How the stimulus act will affect the commercial realty market
The Economic Recovery and Reinvestment Act of 2009 signed into law on Feb. 17 will begin to have an impact on many aspects of our economy in the coming months. While this act is not expected by most to solve all our economic woes, there will be an impact on the local economy and our local commercial real estate market.
One of the primary recipients of funding under the act is the Small Business Administration (SBA). The SBA will receive $730 million to support many small business programs, including:
* The reduction or elimination of fees on both the popular 504 and 7(a) loan programs for financing building or business acquisitions. These fees can add tens of thousands of dollars to the cost of these loans. In addition, up to 90 percent of these loans will be guaranteed by the federal government.
* The creation of a Secondary Market Guaranty Authority that will allow for the trading of SBA-guaranteed 504 loans, freeing up additional capital for the banks to lend under these programs.
* The refinancing of current debt, as long as that debt does not exceed 50 percent of the total amount of new financing. This expansion of debt requires that “the proceeds of the indebtedness is used to acquire land, including a building situated thereon, to construct a building thereon, or to purchase equipment.”
On a smaller scale the act also increases funding for the SBA Microloan program, for entrepreneurs looking for up to $35,000, and provides for higher limits on surety bonds to allow small businesses to more effectively compete for many federal and other contracts. A healthy small business community is critical to maintaining stability in our commercial real estate market. The continued closure of businesses has driven the balance of power from landlords to tenants.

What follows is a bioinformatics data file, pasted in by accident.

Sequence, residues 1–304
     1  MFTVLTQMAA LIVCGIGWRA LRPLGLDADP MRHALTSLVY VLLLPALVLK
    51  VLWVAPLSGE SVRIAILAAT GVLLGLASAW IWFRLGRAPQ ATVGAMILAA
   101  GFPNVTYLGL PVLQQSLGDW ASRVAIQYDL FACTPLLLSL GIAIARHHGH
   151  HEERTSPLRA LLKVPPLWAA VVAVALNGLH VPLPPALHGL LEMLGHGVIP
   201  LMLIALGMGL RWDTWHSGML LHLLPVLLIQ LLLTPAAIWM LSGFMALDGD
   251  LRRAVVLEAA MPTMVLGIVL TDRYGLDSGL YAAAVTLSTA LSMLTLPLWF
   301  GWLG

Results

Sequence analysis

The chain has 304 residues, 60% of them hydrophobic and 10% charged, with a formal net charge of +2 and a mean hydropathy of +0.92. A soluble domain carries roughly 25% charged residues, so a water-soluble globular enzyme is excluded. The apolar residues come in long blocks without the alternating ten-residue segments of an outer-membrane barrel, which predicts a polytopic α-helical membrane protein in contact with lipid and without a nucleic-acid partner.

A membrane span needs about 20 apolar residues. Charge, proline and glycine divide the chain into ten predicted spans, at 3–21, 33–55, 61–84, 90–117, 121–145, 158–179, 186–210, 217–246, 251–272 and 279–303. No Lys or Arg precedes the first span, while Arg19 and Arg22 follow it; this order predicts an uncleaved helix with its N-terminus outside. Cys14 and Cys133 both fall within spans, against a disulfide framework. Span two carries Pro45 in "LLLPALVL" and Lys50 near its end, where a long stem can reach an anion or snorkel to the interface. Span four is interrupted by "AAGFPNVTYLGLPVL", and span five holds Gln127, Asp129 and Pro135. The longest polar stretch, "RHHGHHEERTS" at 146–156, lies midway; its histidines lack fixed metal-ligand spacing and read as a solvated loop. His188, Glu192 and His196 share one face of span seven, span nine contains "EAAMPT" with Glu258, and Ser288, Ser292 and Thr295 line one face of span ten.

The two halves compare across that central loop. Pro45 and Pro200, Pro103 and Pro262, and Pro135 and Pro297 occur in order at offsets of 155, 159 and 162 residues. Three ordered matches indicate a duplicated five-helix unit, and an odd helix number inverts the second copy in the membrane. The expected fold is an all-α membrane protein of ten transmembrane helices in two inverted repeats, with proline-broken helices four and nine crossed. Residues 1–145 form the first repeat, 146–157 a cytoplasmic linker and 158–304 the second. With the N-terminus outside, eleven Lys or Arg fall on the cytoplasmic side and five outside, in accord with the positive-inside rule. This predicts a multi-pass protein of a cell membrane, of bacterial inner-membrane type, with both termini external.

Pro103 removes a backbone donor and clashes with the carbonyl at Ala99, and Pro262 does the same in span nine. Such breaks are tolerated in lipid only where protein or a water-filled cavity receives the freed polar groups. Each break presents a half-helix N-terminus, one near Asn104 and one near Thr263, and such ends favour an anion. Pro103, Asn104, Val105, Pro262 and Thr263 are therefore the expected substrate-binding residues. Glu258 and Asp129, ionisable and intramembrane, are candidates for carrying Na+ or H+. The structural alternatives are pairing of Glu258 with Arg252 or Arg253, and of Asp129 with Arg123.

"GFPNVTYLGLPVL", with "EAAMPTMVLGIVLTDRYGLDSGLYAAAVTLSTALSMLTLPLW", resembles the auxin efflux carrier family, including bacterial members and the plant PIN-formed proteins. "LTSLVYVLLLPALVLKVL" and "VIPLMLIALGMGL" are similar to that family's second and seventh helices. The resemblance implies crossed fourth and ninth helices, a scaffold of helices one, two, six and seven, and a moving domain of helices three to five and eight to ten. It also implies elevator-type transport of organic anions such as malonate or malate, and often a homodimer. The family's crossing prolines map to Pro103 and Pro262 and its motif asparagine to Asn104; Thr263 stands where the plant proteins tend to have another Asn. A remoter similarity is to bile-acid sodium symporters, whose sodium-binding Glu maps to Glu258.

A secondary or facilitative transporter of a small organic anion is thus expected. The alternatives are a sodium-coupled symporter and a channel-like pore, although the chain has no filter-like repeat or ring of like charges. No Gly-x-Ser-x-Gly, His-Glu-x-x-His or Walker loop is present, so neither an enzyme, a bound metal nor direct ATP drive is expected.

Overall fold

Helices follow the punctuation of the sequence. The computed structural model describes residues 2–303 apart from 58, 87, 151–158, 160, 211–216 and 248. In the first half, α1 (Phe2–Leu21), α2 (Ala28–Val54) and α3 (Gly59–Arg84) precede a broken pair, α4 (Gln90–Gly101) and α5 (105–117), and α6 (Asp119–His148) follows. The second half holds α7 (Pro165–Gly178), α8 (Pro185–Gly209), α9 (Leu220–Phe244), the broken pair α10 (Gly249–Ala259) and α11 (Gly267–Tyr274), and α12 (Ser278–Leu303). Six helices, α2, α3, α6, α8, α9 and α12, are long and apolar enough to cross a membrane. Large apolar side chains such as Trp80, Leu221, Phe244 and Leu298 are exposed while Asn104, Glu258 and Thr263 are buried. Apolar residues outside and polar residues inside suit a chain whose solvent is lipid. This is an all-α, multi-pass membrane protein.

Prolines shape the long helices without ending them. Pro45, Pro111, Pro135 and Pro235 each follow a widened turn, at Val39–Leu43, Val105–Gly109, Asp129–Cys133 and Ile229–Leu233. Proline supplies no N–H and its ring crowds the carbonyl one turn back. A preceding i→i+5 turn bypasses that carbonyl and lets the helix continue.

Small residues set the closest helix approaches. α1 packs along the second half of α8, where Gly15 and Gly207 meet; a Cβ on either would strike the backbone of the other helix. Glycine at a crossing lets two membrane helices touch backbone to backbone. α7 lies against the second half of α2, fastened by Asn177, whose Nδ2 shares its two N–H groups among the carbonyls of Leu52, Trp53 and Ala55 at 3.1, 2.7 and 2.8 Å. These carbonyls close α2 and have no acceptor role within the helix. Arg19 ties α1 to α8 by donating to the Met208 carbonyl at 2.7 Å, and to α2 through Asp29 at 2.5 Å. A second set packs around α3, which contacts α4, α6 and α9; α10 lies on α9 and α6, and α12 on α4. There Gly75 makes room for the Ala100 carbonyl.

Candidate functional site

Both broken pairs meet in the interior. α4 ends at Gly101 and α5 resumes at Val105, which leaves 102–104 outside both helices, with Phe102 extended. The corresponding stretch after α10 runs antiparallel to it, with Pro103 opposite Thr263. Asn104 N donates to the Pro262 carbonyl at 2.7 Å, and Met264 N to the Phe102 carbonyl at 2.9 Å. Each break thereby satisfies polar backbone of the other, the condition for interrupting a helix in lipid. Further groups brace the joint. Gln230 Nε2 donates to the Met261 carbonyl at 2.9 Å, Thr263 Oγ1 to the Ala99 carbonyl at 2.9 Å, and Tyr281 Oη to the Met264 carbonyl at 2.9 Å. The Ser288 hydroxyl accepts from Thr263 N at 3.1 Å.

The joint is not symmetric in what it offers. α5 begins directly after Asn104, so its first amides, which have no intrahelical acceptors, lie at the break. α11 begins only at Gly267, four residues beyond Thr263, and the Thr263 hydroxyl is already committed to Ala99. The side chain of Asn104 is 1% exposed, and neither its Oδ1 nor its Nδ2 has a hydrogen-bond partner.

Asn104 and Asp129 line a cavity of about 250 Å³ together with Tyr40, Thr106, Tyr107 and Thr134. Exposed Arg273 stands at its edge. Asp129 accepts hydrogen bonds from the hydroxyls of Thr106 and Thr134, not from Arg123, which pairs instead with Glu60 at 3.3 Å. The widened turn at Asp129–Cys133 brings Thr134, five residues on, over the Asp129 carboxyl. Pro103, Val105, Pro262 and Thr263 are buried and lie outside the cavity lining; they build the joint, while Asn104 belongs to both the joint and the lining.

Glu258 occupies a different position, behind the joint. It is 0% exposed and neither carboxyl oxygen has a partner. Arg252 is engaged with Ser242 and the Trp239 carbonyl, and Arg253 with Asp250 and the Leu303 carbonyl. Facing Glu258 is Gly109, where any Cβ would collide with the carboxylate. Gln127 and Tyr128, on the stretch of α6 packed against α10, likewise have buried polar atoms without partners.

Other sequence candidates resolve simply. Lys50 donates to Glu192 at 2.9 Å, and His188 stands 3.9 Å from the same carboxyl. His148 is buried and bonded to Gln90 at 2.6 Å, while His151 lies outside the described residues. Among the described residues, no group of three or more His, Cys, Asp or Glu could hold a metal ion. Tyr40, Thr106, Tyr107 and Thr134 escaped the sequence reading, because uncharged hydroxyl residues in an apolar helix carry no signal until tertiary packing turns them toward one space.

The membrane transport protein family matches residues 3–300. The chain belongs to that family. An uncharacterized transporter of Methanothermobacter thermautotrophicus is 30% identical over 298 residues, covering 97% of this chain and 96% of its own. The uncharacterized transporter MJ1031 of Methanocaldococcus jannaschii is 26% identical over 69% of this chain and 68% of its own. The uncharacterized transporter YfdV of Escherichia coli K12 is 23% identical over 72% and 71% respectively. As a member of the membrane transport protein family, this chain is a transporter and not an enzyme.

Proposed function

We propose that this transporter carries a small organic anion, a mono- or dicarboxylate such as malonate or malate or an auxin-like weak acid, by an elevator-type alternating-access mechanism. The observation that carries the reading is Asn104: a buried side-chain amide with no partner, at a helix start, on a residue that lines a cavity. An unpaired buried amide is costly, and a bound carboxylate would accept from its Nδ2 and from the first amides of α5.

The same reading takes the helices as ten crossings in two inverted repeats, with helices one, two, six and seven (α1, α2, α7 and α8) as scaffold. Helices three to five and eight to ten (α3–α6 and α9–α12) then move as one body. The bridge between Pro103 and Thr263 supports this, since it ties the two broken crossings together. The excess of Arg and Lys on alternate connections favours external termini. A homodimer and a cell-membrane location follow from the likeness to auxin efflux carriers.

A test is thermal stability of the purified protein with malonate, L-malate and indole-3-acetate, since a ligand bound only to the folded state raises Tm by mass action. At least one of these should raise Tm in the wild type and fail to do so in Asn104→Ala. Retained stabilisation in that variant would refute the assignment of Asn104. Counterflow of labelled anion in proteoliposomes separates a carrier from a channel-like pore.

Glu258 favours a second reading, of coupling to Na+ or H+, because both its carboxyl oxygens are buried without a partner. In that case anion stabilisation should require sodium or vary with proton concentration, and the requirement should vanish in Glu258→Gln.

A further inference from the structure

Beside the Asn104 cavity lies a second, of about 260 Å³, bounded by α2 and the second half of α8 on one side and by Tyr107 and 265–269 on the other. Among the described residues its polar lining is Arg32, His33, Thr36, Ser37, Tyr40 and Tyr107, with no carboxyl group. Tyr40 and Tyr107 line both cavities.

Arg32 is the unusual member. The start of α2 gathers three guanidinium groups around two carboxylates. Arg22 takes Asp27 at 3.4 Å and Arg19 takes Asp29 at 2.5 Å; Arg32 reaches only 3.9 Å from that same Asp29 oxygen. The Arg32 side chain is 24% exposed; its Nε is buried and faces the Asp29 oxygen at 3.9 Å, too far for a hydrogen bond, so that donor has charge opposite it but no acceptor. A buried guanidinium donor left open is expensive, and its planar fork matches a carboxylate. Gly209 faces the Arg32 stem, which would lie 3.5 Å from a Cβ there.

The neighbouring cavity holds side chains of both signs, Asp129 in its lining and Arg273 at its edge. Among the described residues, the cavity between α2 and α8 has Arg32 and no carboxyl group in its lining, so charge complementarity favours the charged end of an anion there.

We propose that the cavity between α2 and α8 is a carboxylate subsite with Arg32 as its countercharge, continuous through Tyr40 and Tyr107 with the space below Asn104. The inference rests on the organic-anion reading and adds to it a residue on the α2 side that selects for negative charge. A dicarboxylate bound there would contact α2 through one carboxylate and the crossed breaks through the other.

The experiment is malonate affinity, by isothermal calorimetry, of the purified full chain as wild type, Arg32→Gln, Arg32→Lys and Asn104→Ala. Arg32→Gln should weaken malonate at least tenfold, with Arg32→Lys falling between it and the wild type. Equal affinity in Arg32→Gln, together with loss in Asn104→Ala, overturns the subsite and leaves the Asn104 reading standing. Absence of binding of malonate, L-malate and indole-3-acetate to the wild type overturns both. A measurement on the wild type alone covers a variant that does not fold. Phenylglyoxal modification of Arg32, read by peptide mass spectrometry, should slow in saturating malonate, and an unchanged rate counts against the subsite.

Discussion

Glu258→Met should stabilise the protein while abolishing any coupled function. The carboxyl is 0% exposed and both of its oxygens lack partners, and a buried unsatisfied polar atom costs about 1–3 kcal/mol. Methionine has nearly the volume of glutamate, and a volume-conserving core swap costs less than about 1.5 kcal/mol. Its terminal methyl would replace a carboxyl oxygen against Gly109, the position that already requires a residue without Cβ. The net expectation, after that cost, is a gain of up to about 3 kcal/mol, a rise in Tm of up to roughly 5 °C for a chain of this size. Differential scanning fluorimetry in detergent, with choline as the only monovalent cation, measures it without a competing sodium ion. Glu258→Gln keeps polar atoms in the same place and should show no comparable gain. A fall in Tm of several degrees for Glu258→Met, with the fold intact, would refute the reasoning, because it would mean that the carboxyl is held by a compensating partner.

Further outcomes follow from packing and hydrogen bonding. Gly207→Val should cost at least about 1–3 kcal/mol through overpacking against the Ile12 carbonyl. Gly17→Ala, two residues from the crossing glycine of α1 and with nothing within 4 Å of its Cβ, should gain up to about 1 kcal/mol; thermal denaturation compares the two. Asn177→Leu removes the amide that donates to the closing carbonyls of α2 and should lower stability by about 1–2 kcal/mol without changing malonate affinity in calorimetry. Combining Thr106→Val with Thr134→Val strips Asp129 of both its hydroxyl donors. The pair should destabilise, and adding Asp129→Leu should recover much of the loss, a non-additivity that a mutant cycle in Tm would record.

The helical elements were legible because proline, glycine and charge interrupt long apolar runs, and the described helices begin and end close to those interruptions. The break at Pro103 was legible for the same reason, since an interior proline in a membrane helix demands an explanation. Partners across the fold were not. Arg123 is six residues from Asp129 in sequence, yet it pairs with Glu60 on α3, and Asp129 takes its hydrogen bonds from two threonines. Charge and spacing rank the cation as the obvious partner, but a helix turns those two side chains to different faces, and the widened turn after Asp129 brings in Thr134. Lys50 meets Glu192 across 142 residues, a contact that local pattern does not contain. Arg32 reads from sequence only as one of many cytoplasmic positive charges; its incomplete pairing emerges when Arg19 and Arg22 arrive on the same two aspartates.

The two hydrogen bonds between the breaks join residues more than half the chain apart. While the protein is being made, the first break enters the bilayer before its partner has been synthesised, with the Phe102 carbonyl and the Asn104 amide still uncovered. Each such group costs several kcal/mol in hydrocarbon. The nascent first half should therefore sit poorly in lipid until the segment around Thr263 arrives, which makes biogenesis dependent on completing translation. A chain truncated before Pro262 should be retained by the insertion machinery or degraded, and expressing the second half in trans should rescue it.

In addition to SBA funding, spending on infrastructure and school rehabilitation and repairs will help support local contractors. Computerization of medical records may help local companies in information technology and data storage. Spending on energy projects will help support renewable energy projects or companies. And finally, tax rebates for consumers may help improve consumer spending, which will benefit every local business.
The impact of all of these programs will depend on the appetite of local entrepreneurs to start or grow their businesses during these trying times. Today we are in a tenants’ or buyers’ market. Commercial lease rates and purchase prices are lower today due to a lack of demand. Stimulate demand, and our commercial real estate market will stabilize and begin to restore the balance of power between landlords and tenants.
Of course, any impact to our local commercial real estate market will be contingent on an economic recovery. To the extent all of these actions result in a growing, thriving economy in northern Nevada all will be well again.
Tom R. deJong is an associate in the industrial properties group of Colliers International in Reno. Contact him at 823-9666 or firstname.lastname@example.org.
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